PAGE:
By WILL GRAVES, AP sports writer
PITTSBURGH (AP) – At the moment, it wasn’t a big deal. Just another midweek game in the middle of a pennant race.
The top nine players available raced onto the field at Three Rivers Stadium for the Pittsburgh Pirates on September 1, 1971.
The fact that all nine – Rennie Stennett, Gene Clines, Roberto Clemente, Willie Stargell, Manny Sanguillen, Dave Cash, Al Oliver, Jackie Hernandez and Dock Ellis – were black or of Latin descent didn’t even occur to them. until after.
Oliver has always found it curious as to why he was not celebrated as Jackie Robinson broke the color barrier in 1947. Yet in recent years he has come to regard it as a kind of compliment, a nod to him. eye for the color blind approach that Pirates manager Danny Murtaugh has taken to his job.
“We didn’t go out on the court, you know, to make history,” Oliver said Wednesday night as he honored the 50th anniversary of a 10-7 win over Philadelphia. “But it turned out that was history. And the thing that I feel good about is that it proved the unity we had in our team and that we had a manager who really (n ‘was not) concerned about the race.
Oliver, a seven-time All-Star in his 18-year career, believes the sea of black and brown faces with the gold “P” on their caps was simply a byproduct of how GM Joe Brown has builds a team.
“(He said) ‘What we did, we hired players because they can play, not the church they went to,” said Oliver, who played first that night. “And every time I hear that quote I have to laugh because it’s true. It doesn’t matter which church you go to as long as you can play ball.
Something that was never a problem in the days of the Lumber Company in Pittsburgh. The win over Philadelphia that night came in an 18-5 streak that saw the Pirates win the NL East. Pittsburgh beat San Francisco in four games in the NL Championship Series before making up from a two-game deficit to beat Baltimore in the World Series.
“You can never underestimate what we thought we could do as a team because we could beat anyone,” Cash said. “Baltimore beat everyone, but they didn’t beat us.”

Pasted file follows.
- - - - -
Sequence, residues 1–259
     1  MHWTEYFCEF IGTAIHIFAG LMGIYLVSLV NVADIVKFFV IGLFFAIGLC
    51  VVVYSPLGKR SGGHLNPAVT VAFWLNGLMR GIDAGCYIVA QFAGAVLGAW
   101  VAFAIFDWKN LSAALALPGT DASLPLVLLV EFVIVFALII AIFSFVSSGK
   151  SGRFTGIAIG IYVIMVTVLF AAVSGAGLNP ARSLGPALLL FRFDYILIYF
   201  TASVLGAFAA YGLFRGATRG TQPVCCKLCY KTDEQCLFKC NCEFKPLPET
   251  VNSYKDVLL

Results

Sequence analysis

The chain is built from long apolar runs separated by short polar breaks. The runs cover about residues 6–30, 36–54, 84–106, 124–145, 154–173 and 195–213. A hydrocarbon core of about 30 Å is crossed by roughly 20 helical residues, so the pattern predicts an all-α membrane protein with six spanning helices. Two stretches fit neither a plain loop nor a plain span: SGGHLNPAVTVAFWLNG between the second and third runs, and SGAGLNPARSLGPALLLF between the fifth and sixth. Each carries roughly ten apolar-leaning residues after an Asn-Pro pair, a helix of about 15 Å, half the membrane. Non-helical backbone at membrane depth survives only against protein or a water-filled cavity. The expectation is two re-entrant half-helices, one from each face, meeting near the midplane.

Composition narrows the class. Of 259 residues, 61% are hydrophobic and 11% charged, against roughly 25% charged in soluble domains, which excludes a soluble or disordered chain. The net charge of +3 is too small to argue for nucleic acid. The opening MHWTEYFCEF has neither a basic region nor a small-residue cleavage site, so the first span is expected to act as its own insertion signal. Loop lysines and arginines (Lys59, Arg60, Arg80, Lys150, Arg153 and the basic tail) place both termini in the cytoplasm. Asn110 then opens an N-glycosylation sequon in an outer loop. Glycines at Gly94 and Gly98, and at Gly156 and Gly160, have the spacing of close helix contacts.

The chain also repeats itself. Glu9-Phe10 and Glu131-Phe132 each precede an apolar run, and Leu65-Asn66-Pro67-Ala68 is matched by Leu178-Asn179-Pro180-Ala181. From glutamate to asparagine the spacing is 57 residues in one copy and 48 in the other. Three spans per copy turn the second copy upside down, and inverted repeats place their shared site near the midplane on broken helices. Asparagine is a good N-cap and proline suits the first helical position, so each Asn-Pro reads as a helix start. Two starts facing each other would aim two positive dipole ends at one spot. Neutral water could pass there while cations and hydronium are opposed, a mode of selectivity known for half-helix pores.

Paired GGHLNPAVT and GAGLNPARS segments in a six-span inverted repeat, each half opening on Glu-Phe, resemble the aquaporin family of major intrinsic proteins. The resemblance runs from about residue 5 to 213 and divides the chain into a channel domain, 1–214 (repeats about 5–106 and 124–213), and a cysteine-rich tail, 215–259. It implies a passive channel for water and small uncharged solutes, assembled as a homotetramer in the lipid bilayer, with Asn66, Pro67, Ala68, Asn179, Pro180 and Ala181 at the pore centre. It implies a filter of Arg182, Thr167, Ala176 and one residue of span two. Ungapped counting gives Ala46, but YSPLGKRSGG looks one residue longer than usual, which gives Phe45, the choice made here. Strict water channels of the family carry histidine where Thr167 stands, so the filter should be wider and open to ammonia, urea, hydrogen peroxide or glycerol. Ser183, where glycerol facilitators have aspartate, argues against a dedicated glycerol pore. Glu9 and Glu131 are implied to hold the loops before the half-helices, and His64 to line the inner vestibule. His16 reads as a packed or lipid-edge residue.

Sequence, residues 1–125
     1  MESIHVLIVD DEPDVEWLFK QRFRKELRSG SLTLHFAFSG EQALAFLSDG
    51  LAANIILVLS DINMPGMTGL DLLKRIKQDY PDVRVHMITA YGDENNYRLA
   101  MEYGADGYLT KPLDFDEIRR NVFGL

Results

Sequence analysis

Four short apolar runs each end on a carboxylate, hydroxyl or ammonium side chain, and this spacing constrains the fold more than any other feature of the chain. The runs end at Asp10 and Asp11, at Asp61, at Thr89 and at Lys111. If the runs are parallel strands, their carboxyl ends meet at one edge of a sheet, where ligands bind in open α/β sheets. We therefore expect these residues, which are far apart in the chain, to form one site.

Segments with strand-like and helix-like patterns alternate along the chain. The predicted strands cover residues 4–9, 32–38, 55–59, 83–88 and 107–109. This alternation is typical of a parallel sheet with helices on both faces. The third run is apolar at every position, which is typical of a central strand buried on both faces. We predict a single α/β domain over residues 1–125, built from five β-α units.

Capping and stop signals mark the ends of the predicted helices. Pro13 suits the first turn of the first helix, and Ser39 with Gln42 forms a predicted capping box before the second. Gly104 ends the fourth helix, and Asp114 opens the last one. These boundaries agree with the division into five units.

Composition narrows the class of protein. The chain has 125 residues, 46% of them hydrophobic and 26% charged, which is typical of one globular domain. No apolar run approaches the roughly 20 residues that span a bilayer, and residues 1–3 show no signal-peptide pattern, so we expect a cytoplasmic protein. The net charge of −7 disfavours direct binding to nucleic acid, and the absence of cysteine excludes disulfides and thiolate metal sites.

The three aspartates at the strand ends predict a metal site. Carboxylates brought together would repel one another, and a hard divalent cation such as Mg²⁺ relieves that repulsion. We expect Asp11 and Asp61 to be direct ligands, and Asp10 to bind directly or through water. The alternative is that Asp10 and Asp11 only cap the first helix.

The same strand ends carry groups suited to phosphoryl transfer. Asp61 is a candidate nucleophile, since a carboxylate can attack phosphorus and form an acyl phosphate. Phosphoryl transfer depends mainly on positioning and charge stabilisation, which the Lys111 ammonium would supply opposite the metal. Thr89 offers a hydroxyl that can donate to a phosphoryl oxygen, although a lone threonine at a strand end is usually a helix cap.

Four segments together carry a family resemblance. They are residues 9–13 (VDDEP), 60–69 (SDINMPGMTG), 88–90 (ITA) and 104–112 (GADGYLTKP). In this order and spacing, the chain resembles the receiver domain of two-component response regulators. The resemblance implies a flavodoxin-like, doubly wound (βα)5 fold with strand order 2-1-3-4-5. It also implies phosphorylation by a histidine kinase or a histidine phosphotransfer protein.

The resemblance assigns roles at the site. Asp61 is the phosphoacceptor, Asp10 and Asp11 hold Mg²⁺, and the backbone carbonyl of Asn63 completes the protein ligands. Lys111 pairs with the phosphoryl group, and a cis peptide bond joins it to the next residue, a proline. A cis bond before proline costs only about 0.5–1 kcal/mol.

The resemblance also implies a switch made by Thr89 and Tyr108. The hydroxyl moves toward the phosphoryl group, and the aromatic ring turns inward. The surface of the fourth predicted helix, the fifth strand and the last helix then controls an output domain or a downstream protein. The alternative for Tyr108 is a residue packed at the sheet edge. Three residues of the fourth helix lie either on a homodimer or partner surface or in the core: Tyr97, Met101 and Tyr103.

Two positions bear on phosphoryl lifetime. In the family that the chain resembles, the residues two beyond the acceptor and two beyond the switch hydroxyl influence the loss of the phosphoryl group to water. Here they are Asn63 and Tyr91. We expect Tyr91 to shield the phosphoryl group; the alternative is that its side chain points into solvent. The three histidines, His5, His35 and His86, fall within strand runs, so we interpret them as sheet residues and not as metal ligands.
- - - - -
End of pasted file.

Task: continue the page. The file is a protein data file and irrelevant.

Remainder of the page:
Not with Hall of Famers like Clemente in right field and Stargell in left and Oliver generally in between. It’s telling that the only thing Oliver noticed about the lineup wasn’t its racial makeup but its place in it: seventh.
“I thought I was a pretty good hitter,” said Oliver, a 0.303 lifelong hitter, laughed. “But when I looked at the map, I got to seventh place, and I said, ‘Hey, that must be a great team.'”
It was. As Oliver remembers the day greeted with a shrug of sorts, in five decades it has taken on new meaning for the grandfather of four.
“It is important for (my children and grandchildren) to know that their people are a part of baseball history,” he said. “I think that’s the key. You know, it’s something that can be passed on, something that can’t be taken away. And I just feel good that they are aware of that fact.
Although it is a moment that can be difficult to reproduce. Surviving members of the 1971 squad believe it’s more likely that one team will feature an all-Latin lineup before one made up of all Black and Latin players. Black baseball participation has plummeted across the board, and black players currently make up less than 10% of Major League rosters.
“African American kids turned to basketball, they turned to football,” Oliver said. “And the reason they did that is that’s all they really see on TV, in the commercials, all the football players and basketball players. But you really don’t see a lot of baseball players doing commercials in baseball. And, you know, as an African American individual you tend to do things that are just like you.
This is in stark contrast to how Oliver grew up in Ohio in the 1950s and 1960s, when he idolized Jackie Robinson and Frank Robinson.
“I knew Clemente was playing, and (Willie) Mays and (Hank) Aaron,” Oliver said. “We used to get their gum cards all the time. So we had something to watch that looked like us. And until we get back to it, we might not see another mix of these types of players together. “
During one night, anyway, Oliver and his teammates played a part in something that grew far bigger than them. For 2 hours and 44 minutes in front of 11,278 fans, the Pirates became the ideal of what civil rights activist Dr. Martin Luther King preached.
“He was trying to explain to our society that when we come together, good things can happen,” Oliver said. “And as a result of that, on September the 1st, 1971, he proved that when we come together good things can happen.”
It also brought Clemente’s iconic career full circle. His son, Roberto Clemente Jr., said his father felt he represented all minorities when he broke into the majors with Pittsburgh in 1955. In what became the penultimate season of his career, proof of his influence stood beside him in the clubhouse and on the pitch.
“I know it was a special day to have all of your brothers on that team that day,” Clemente Jr. said. “And I knew it was a special time because it meant (the players minority) had arrived. “
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